Google-Glass Deal Thrusts Intel Deeper Into Wearable Tech - BestCyberNews: Online News Presenter in the present world

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Google-Glass Deal Thrusts Intel Deeper Into Wearable Tech

Intel Corp. will supply the electronic brains for a new version of Google Inc. ’s Glass device expected next year, people familiar with the matter said, part of a push by the semiconductor giant into wearable technology.

An Intel chip will replace a processor from Texas Instruments Inc. included in the first version of Glass, the people said.

Intel plans to promote Glass to companies such as hospital networks and manufacturers, while developing new workplace uses for the device, according to one of the people.

Google launched the Internet-connected eyewear in 2012 as a consumer gadget, but it was criticized by privacy advocates and widely regarded as nerdy. But Glass shows early signs of catching on as a workplace-computing device.

Through a program it calls Glass at Work, Google is working with software developers including Augmedix Inc. and APX Labs LLC to encourage use of Glass in industries such as health care, construction and manufacturing where employees work with their hands but need information.

Kevin Spain, general partner of venture-capital firm Emergence Capital Partners, called Intel’s involvement “a positive signal, not just about Glass, but about the wearable category generally.” Emergence is an investor in Augmedix, which sells software that helps hospitals and doctors use Glass to automatically record electronic health data.

Representatives of Google, Intel and Texas Instruments declined to comment.

While Google partners are promoting workplace uses of Glass, the Internet giant still views it primarily as a consumer device. More than 300 Google employees work on Glass, and fewer than 5% focus on Glass at Work, according to a person familiar with the business. Intel’s involvement won’t change this focus, the person said.

“We expect Glass to evolve and be more useful for companies, but it will still be a crossover device for consumers,” said Eric Johnsen, vice president of business development at APX Labs, which makes Glass software used by manufacturing, oilfield-services and logistics companies.

Mr. Johnsen, who started the Glass at Work program at Google before joining APX, said the next version of the device will likely have longer battery life, which would appeal to both consumers and companies. The battery in the first version of Glass lasts for a day at most—and just a few hours if features like video recording are used a lot.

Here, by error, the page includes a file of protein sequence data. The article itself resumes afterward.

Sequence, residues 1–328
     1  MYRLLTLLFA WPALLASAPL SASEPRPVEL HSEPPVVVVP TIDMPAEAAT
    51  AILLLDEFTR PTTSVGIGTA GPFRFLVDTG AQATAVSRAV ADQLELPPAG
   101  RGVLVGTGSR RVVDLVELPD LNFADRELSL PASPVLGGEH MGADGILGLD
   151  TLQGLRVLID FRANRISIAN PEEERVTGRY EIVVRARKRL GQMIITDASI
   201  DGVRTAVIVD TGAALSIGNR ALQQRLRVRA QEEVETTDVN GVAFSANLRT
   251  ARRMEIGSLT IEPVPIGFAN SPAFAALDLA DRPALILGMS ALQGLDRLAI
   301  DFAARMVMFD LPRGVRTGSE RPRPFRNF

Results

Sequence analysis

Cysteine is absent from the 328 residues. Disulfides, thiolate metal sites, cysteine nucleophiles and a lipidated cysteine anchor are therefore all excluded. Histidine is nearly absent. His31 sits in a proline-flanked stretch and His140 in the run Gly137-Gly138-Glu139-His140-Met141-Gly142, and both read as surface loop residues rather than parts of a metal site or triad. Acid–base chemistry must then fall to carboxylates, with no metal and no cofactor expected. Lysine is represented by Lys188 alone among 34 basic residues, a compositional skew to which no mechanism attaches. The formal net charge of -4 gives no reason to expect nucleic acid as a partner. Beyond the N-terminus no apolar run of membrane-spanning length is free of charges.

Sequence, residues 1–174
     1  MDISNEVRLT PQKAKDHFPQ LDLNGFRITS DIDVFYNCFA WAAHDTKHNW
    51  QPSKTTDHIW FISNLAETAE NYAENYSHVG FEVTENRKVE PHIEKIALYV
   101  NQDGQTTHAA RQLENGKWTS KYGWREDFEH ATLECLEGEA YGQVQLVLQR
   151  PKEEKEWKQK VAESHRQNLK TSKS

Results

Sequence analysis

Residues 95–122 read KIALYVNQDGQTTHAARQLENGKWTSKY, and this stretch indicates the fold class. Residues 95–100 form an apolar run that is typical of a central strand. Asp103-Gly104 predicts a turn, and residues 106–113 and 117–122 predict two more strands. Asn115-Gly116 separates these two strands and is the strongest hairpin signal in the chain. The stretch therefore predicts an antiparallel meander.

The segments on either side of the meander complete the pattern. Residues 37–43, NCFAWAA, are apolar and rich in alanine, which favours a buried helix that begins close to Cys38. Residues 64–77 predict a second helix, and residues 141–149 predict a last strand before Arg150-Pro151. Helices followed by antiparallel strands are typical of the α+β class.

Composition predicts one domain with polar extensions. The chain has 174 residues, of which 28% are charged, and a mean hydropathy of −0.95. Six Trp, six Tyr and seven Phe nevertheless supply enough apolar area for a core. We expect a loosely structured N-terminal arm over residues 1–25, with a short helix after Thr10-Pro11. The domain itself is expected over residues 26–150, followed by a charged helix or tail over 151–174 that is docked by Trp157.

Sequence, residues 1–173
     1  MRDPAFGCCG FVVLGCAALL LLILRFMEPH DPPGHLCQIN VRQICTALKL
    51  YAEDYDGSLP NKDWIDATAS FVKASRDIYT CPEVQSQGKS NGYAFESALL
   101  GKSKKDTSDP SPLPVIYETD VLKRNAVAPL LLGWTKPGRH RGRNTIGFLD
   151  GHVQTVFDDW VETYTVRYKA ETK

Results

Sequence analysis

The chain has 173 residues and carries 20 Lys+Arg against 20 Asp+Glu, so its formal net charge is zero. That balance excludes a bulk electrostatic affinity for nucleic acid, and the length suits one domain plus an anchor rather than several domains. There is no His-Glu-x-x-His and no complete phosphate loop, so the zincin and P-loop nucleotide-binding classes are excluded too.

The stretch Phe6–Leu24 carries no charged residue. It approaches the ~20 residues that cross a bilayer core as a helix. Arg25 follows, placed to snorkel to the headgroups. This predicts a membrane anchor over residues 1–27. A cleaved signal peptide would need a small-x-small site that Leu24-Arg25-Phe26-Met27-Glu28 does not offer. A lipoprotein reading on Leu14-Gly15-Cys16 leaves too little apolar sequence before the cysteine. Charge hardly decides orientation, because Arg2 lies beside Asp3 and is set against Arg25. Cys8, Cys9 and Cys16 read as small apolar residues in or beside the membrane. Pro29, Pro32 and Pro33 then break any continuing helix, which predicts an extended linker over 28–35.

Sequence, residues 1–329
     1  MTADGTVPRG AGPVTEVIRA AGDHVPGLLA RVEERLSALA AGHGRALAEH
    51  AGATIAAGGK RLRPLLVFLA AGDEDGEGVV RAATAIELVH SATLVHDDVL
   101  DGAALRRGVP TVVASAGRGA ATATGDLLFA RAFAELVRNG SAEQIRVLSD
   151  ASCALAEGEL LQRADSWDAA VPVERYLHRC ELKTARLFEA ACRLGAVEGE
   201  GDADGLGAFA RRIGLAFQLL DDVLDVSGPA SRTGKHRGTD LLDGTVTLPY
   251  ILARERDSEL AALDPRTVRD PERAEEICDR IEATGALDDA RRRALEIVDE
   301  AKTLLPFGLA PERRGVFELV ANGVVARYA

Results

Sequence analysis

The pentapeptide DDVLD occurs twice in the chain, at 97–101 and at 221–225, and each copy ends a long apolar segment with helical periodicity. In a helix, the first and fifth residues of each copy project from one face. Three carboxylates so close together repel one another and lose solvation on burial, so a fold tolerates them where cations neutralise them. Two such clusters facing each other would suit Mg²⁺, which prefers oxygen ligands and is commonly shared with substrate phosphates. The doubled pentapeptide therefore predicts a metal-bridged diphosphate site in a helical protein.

Intel chips run most personal computers and servers used in data centers. But the company was late to the mobile market, as smartphones and tablet makers sidestepped its x86 chips in favor of rival products based on technology licensed by ARM Holding PLC. Brian Krzanich, who became Intel’s chief executive in May 2013, is determined to avoid the same fate in wearable technology.

Since Mr. Krzanich’s appointment, Intel has targeted wearables with products that include an ultra-small x86 processor called Quark, a tiny circuit board for wearable devices called Edison and a chip called SoFIA that combines a processor with cellular communications.

Leading the push in wearables is Mike Bell, a veteran of Palm Inc. and Apple Inc. who heads Intel’s new devices group. His team has been active, and flexible, in cutting deals to get new products to market.

Earlier this month, Intel disclosed details of a computerized bracelet called MICA it developed with the fashion label Opening Ceremony, which uses an Intel processor based on ARM rather than x86 technology.

It isn’t clear what Intel chip Google will use in the new version of Glass. But there will be an emphasis on power conservation. “For wearables like Glass, the processor has to be lower power because the batteries have to be so small,” said Al Cowsky, an analyst at TechInsights’, which examined the guts of the first version of Glass earlier this year.

Google and Intel have been working together in other areas. Intel chips power Google servers, and the companies are working to advance Google’s Android and Chrome operating systems. Intel’s Xeon chips have been used in Google’s self-driving cars, and the company’s Atom chips are used in the Nexus Player, a new Google streaming-media device.

By Alistair Barr and Don Clark (wsj)